3 Melissa LEWIS (40)........40:06.7.....78.16
8 Dorli MCWAYNE (58).......41:54.1.....90.99
13 Jennifer MAHLEN (40)....43:42.7.....71.70
19 Erika VAN FLEIN (51).....46:00.1.....75.63
23 Pat BERKELAND (45)......46:22.8.....70.18
30 Angela CONROY (48).....47:04.2.....71.29
36 Heather JOHNSON (50)...48:15.8.....71.19
73 Dena DOUBLEX (61).......51:07.1.....77.78
107 Carol KLECKNER (57)....53:41.7.....70.05


8 Chad CARROLL (40).......36:23.4......78.07
9 Mark LINDBERG (48)......36:39.3.....82.42
10 Roger SAYRE (53)........36:47.4.....85.50
34 Patrick LAVIN (47).......40:32.8....73.92
37 Greg FINSTAD (56).......41:16.6.....78.15
40 Andy HOLLAND (55)......41:41.3.....76.72
48 David WITHOFF (54).....42:10.4.....75.21
65 Joe TRUBACZ (52).......43:28.2.....71.77
70 Bill HOOPLE (60).........43:45.2.....76.30
75 Ed DEBEVEC (56).........43:58.5.....73.35
131 Owen HANLEY (68)......46:59.9.....76.39
711 Brandon BAKER* (92)...1:14:16.8...93.14

*Age not verified yet

Monday, June 20, 2011

2011 Midnight Sun Run Obligatory Blog Report

Each of my seven attempts at the Midnight Sun Run (MSR) 10K have had their own theme and this was the one where I needed toothpicks to keep my eyes open and an energy boost along the way would have helped a lot. Nevertheless, now that it's behind, it wasn't too bad.

Not that I'm bored with this race (but a bit more on that later), I was just overtired and jetlagged due to Friday's return from the East Coast. I took two naps on Saturday but felt totally out it all day. The best part of that was that there were no butterflies in my belly. I knew my energy levels wouldn't be super, so I just logged onto autopilot.

Even the starter's canon--a howitzer from 40 yards away--didn't phase me. Went out steady, about 40th place through most of the first mile that included a fair amount of shenanigans from ninja bikers, screaming Roman sentries, and other costume-laden fun and distraction. See Dermot Cole's blog for more pictures.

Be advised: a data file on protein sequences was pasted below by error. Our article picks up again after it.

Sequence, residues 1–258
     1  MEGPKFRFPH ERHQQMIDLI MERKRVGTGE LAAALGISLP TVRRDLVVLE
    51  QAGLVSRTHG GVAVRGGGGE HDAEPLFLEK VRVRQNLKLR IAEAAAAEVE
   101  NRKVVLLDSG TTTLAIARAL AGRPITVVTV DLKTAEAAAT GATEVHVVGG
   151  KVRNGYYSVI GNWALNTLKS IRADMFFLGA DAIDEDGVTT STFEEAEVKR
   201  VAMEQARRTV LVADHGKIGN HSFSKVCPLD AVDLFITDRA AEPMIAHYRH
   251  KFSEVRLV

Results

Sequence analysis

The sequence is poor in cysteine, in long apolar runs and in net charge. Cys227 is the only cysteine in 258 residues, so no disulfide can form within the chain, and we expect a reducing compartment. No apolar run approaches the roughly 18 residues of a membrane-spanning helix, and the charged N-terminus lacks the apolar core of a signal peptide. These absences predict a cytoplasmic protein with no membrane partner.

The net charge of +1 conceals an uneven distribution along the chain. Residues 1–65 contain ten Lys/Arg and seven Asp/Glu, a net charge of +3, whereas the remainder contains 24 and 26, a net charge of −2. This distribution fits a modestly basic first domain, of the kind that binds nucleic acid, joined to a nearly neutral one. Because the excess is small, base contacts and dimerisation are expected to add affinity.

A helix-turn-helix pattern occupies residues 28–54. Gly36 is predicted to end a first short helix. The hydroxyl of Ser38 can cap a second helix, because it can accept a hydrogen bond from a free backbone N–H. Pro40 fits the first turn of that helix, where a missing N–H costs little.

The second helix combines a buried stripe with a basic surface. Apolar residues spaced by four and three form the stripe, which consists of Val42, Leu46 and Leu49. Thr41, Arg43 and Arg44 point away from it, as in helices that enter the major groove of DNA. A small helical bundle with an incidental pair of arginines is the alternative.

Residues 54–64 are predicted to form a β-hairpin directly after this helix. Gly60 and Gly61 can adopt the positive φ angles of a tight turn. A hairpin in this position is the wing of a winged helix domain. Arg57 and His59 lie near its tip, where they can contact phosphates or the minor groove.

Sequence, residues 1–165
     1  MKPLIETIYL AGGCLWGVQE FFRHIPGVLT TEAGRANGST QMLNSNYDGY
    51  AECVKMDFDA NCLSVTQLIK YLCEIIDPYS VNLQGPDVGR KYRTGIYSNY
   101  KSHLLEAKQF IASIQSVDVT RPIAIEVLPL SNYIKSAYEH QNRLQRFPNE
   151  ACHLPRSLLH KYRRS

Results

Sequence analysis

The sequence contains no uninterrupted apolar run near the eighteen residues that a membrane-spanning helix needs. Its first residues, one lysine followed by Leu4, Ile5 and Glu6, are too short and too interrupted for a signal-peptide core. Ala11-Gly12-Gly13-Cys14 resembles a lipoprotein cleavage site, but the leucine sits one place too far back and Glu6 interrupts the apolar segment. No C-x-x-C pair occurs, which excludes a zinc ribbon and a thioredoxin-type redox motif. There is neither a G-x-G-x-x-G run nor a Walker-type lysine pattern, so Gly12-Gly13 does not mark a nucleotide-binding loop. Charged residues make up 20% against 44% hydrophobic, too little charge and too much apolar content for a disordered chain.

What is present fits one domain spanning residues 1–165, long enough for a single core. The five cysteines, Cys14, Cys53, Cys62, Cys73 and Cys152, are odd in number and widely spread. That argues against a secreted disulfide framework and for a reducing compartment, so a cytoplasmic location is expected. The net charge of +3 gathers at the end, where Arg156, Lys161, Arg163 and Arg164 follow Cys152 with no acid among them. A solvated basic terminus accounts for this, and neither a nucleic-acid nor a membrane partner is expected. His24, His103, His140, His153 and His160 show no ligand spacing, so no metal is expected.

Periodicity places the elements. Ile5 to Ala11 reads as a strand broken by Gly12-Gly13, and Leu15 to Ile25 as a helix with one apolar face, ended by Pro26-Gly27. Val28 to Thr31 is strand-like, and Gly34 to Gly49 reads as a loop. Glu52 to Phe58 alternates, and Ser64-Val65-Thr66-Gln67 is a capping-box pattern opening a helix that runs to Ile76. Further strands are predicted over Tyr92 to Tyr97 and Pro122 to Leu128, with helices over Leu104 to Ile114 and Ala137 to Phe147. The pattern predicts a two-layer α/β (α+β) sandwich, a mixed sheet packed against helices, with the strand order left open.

The nonsense phase was behind us early into the 2nd mile and I settled into a pack with lead woman Theresia Schnurr of UAF and a half dozen or so high school runners. One by one they all dropped off, and by the time we were through the neighborhoods and onto the long straight stretch on University, were were all top 15 or so, with just a few runners strung out after the first (out of sight) and second packs (about 30 or 40 seconds ahead).

I bided my time, and didn't move until the bridge over the Chena at Mile 3. I was able to pick off two or three through the Riverview neighborhood in the 4th and 5th miles. I wanted to hammer it in, but lacked both the zip and bombast to do that and opted to keep it steady, hoping to have a strong 6th mile.

Masters runners Chad Carrol and Mark Lindberg seemed to be just hanging on/fading over the last mile and I was gaining throughout (running 5:47 pace over the final 1.2 miles), but they had enough of a gap to hold me off. Techincally I was 11th place, but one of the high school runners about 40 seconds up was a race bandit so I got credited for a 10th.

Woo hoo!

In seven MSR races that makes seven age group wins (2004, 2005, 2006, 2007, 2009, 2010--did Mayor's marathon in 2008), and five top 10 finishes (04, 05, 06, 07, and this year).

Seven's a good number. At times I've had visions of going for 10 or 20 age group wins at MSR, but in recent weeks I've been rethinking that. Why do the same thing every single year?

There are other challenges that I'd like to take on that fall on the same weekend, such as the 7.6 mile 4600 foot hill climb at Mt. Washington in New Hampshire--definitely on my bucket list and I'm sort of kicking myself for not applying for the lotter this year seeing how we were on the East Coast anyway last week--and Bird Ridge in Anchorage.

I'll be back definitely, but maybe not just every year.

Wednesday, June 08, 2011

Tough Running on Ester Dome Single Track Trail

Tuesday's trail race, second of this year's trail series, was supposed to be a hill climb (1400 feet in 1.4 miles) and descent called Masochism on Moose Mountain, but recent fires rendered the trails unsafe, or at least unfit for insurance. Newsminer Article

So the organizers moved the venue from Moose Mountain to the next hill over, the Ester Dome. Rather than a hill climb, however, the race was on the new Ester Dome Single Track Trails